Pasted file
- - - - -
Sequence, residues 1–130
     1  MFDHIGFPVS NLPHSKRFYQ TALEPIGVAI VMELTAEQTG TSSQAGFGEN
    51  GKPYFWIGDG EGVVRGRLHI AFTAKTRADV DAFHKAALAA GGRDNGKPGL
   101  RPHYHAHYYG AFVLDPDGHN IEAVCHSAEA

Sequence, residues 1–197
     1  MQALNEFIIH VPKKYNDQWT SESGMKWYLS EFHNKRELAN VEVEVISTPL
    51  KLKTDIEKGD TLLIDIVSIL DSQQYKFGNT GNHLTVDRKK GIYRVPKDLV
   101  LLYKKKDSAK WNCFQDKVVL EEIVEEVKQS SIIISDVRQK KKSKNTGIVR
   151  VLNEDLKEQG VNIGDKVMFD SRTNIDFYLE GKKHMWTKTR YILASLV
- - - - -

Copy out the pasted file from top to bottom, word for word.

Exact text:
Sequence, residues 1–130
     1  MFDHIGFPVS NLPHSKRFYQ TALEPIGVAI VMELTAEQTG TSSQAGFGEN
    51  GKPYFWIGDG EGVVRGRLHI AFTAKTRADV DAFHKAALAA GGRDNGKPGL
   101  RPHYHAHYYG AFVLDPDGHN IEAVCHSAEA

Sequence, residues 1–197
     1  MQALNEFIIH VPKKYNDQWT SESGMKWYLS EFHNKRELAN VEVEVISTPL
    51  KLKTDIEKGD TLLIDIVSIL DSQQYKFGNT GNHLTVDRKK GIYRVPKDLV
   101  LLYKKKDSAK WNCFQDKVVL EEIVEEVKQS SIIISDVRQK KKSKNTGIVR
   151  VLNEDLKEQG VNIGDKVMFD SRTNIDFYLE GKKHMWTKTR YILASLV